On Monday, President Trump’s administration “proposed deep spending cuts” in the U.S. Labor Department’s budget for the second consecutive year. The administration requested a 21% budget reduction over current levels for fiscal year 2019. In particular, reductions in funding for job training and placement programs, training and employment service programs, and Job Corps programs for at-risk youth were identified as targets of the cuts. Mick Mulvaney, Director of the Office of Management and Budget, emphasized that the cuts were made in light of existing spending caps that were in place prior to the two-year budget deal Congress agreed to last week to raise those limits. A subsequent post by the Labor Department indicated additional spending pursuant to the raised spending caps, which would restore much of the training and placement funding. The Reuters coverage of the proposed cuts notes that though presidential budgets are rarely enacted by Congress, they indicate the White House’s priorities.
At The Hill, Reid Wilson discusses the “impending skills gap” the U.S. economy faces. According to Wilson, “[t]he combination of a generational sea change in the workforce and a technological revolution in the economy is conspiring to create a skills gap that could leave jobs unfilled.” As evidence of this phenomenon, Wilson cites research by the Brookings Institution indicating that more than 100 million workers have jobs requiring “moderate or high digital knowledge,” as well as the Bureau of Labor Statistics’ estimate that the economy will need as many as 100,000 new information technology workers annually over the next ten years, but that only about 60,000 such workers currently enter the workforce each year.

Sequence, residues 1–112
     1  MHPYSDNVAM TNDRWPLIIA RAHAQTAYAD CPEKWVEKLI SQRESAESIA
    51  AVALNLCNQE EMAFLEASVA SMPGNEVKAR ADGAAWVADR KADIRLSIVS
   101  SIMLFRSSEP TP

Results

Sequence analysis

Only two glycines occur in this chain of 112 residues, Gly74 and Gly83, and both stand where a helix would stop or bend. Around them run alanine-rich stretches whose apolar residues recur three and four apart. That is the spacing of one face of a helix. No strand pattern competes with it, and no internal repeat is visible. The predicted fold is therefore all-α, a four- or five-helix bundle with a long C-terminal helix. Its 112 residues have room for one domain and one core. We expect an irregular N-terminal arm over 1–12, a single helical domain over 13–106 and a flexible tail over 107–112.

The New York Times reports that Lloyds and RBS, Britain’s two largest banks, announced that they would set targets for ethnic minority representation in top roles. The policy was adopted in response to criticisms of opaqueness regarding workplace diversity at major UK companies. RBS’ head of inclusion emphasized that its customer base was more diverse than the company, and “[t]o serve our customers well we need to truly represent the diversity of the communities we operate in.”
A Forbes article by Maury Brown discusses the history of labor disputes and league collusion in professional baseball. The 2018 offseason has apparently been marked by tension between the MLB league office and the MLB Players Association. “The environment has brought up a word that has a dark history within baseball: collusion.” Brown explains that “collusion” is essentially a four-letter-word in baseball, but that labor deals since 1997 have included mechanisms to limit the opportunity for it—for example, terms creating hard caps on international signings and the luxury tax.